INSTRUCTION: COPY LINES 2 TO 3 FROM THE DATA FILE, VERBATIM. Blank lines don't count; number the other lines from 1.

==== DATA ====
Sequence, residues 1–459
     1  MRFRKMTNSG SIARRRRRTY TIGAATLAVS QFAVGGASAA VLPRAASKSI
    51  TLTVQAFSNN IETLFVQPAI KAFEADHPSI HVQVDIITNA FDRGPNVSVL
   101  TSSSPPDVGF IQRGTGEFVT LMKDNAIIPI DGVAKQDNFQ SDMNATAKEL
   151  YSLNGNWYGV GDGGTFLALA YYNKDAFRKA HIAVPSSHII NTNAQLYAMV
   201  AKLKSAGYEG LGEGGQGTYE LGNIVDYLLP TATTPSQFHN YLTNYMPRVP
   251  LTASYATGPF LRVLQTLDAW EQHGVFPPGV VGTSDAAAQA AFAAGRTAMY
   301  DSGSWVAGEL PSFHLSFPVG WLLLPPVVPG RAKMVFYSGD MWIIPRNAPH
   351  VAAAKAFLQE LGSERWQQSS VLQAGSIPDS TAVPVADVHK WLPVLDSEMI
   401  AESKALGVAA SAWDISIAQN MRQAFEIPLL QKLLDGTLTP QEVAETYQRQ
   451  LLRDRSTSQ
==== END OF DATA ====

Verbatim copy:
     1  MRFRKMTNSG SIARRRRRTY TIGAATLAVS QFAVGGASAA VLPRAASKSI
    51  TLTVQAFSNN IETLFVQPAI KAFEADHPSI HVQVDIITNA FDRGPNVSVL